New bill: Polygraph test for cabinet members

Defense Minister Liberman advances bill to crack down on repeated leaks from Political-Security Cabinet.

Hezki Baruch,

Polygraph
Polygraph
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In an attempt to crack down on leaks, Defense Minister Avigdor Liberman is advancing a bill that will allow for periodic polygraph tests of ministers in the Political-Security Cabinet.

Liberman is advancing the bill through the members of the Yisrael Beytenu faction. The bill says, “The members of the cabinet are responsible for the security of classified information whose leakage to outside entities is liable to damage the army and security services and, in accordance with the level of sensitivity involved, the security of the state, as well.”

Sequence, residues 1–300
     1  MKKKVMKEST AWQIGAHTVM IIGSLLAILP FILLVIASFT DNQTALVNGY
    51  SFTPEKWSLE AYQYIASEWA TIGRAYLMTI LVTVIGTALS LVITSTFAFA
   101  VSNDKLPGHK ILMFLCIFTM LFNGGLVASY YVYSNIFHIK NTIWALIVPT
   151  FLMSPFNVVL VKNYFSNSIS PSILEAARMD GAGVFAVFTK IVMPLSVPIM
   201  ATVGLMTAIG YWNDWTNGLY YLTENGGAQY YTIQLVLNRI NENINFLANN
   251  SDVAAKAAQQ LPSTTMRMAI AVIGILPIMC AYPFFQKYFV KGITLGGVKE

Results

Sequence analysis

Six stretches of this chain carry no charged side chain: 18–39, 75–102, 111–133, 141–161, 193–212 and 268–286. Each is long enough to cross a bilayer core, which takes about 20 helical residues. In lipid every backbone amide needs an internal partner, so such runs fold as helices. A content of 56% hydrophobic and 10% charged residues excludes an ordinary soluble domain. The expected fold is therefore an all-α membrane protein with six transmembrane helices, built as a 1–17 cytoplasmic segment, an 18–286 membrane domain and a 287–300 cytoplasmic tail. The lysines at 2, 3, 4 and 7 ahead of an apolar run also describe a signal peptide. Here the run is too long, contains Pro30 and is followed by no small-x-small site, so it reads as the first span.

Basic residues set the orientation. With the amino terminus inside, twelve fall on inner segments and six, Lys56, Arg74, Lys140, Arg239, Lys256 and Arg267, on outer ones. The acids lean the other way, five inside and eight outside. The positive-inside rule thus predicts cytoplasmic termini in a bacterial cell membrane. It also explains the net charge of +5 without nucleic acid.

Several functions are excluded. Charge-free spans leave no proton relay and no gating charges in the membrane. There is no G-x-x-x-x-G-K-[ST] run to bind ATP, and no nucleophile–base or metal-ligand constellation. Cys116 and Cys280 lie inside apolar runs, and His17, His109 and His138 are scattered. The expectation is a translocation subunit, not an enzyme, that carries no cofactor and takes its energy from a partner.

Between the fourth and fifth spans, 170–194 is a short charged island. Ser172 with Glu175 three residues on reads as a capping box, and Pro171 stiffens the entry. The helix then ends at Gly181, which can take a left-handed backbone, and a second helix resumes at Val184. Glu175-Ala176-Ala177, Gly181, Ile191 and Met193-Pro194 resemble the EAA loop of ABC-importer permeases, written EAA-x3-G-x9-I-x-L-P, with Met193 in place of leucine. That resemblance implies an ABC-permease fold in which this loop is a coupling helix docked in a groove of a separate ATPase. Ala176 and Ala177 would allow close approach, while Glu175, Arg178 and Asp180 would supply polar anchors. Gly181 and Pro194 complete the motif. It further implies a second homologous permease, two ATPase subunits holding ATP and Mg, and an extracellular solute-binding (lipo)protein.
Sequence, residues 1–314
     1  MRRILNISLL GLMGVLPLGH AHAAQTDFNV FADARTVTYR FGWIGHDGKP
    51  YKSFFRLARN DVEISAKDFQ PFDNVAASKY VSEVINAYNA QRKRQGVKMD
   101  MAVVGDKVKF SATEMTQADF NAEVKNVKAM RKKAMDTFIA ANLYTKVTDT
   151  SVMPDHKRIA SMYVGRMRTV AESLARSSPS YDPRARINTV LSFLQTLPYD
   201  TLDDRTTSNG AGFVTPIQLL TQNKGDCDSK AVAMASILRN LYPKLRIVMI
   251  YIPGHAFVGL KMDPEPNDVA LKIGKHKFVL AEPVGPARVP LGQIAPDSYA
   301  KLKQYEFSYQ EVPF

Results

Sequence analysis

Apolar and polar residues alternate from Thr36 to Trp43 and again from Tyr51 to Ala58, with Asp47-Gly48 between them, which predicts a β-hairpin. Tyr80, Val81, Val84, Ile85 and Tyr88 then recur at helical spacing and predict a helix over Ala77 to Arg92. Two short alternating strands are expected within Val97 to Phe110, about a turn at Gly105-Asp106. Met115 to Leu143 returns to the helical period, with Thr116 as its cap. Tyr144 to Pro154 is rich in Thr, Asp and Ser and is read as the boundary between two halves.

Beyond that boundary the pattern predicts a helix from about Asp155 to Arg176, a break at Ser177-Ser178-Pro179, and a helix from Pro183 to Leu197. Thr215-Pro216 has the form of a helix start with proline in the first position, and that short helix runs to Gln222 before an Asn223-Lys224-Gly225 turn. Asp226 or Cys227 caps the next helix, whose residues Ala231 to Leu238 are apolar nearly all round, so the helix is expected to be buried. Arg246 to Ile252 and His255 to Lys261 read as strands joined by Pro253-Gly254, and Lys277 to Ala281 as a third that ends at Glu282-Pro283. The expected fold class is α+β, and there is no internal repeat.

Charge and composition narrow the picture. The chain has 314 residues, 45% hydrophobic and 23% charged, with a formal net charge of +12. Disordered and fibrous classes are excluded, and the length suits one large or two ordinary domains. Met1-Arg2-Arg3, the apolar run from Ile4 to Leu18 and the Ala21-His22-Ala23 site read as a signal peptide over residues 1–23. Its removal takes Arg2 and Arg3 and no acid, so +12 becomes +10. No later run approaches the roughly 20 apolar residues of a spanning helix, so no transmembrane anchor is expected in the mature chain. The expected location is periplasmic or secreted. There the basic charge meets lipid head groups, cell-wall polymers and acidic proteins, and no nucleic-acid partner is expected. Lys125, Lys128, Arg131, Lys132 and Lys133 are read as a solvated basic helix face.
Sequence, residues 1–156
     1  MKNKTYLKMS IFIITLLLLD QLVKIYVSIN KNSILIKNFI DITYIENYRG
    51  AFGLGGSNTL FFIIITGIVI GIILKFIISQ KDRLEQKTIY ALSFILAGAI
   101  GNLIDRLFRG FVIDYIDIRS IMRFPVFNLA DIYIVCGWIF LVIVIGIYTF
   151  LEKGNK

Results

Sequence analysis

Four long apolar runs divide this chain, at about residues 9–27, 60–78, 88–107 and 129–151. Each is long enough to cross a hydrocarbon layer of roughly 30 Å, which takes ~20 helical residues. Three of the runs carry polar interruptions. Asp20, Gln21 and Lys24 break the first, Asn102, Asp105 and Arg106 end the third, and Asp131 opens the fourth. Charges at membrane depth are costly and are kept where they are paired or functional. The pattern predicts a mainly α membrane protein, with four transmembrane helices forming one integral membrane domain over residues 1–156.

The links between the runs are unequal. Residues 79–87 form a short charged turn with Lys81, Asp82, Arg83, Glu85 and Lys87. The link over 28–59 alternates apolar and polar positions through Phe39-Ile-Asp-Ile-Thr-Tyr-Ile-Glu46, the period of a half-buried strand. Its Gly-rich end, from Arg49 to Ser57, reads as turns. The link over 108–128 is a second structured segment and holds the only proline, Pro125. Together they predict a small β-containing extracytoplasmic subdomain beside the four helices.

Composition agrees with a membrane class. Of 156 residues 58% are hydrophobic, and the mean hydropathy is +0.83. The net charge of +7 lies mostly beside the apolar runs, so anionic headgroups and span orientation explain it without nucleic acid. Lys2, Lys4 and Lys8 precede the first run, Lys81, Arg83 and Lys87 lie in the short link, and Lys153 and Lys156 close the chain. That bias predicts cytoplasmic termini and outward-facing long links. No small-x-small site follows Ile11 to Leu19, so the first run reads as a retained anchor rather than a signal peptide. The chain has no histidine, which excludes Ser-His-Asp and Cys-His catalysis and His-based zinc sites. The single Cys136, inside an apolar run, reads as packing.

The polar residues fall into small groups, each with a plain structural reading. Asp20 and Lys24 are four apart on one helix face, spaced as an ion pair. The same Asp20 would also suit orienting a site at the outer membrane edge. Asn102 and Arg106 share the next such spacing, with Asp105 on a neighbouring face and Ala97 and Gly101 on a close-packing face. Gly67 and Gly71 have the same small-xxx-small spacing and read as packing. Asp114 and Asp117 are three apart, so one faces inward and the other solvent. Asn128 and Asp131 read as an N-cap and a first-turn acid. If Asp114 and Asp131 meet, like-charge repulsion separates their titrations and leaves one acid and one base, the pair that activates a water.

The bill seeks to establish that all members of the cabinet will obligate themselves to undergo a polygraph test once a year, similar to the process for senior officials in the defense establishment who receive classified information.

Chairman of the Yisrael Beytenu faction, MK Robert Ilatov, said that “The bill comes in light of repeated leaks from the cabinet and seeks to prevent the dangerous phenomenon which endangers the security of the citizens of Israel. The discussions in the cabinet cannot be used as political leverage. As a member of the Foreign Affairs and Defense Committee, the severity of the acts makes me shudder, and they must be brought to an end.”

Last week, information about the constriction of electricity to Gaza was leaked from the cabinet, and Liberman wrote on Twitter that “The systematic leaks from the cabinet go against IDF commanders. This is a destructive phenomenon that endangers national security. I again call to hold periodic polygraph tests for those participating in the discussions.”




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